Community Indicators for Your Community

Real, lasting community change is built around knowing where you are, where you want to be, and whether your efforts are making a difference. Indicators are a necessary ingredient for sustainable change. And the process of selecting community indicators -- who chooses, how they choose, what they choose -- is as important as the data you select.

The Jacksonville Community Council (JCCI) understands indicators and community change, with more than 25 years of producing the annual Quality of Life Progress Report for Jacksonville and the Northeast Florida region, and two decades of helping other communities develop their own sustainable indicators projects. JCCI consultants give you the information you need to measure progress, identify priorities for action, and assess results.

I'd like to talk with you personally about how we can help. E-mail me at
ben@jcci.org, call (904) 396-3052, or visit CommunityWorks for more information. From San Antonio to Siberia, we're ready and willing to assist.


Tuesday, July 31, 2007

Measuring Community Well-Being

On the rethos.com blog, Chris Advansun makes an interesting observation about community well-being based on his living experiences in Harlem and Toronto.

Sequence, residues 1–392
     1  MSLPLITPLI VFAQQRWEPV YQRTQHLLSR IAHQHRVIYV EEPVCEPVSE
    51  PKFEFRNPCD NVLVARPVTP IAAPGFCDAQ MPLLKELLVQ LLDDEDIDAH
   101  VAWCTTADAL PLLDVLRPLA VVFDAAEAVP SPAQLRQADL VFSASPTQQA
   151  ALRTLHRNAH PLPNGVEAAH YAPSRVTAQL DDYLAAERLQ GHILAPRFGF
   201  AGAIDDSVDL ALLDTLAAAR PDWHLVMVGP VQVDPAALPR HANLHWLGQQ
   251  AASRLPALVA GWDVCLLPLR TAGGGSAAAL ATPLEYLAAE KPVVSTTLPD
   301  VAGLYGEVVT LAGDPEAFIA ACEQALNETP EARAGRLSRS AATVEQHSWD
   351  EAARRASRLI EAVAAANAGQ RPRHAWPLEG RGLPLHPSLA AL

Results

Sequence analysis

After sharing his descriptions of both places, he concludes with the following:

The United Nations’ Human Development Index, widely used to compare and contrast standards of living between countries across the globe, integrates literacy, life expectancy, education and gross domestic product (GDP) into its formula. This is a good start, but still fails to measure certain aspects of well-being, such as those concluded in the Harlem vs. suburbs exercise. How close do citizens feel to their neighbors, how much use do they make of their neighborhood and how interwoven is their community?

Perhaps reducing well-being to one universal formula is impossible, because different populations would disagree with the very indicators upon which the formula is based. Harlem would perhaps value community and open block parties more than the suburbs, which would place privacy and personal security at a higher importance. But at the very least, we must use more diverse indicators to measure and understand well-being. The suburbs may enjoy higher rates of employment, but if they come second to the inner-city on community indicators, who’s better off?


You may want to take a look at what they're trying to build at rethos.com. The founders are trying to create an online social network "to be the platform for individuals, non-profit organizations and socially responsible companies to rethink their role in the world, the urgency of issues facing our planet, and the real ability we have to unite to affect change."

It's one of a number of new attempts to leverage the "Web 2.0" for social change. I'll try to pass along those I run across that seem to have intersection points with community indicators. Please share any others you find as well.

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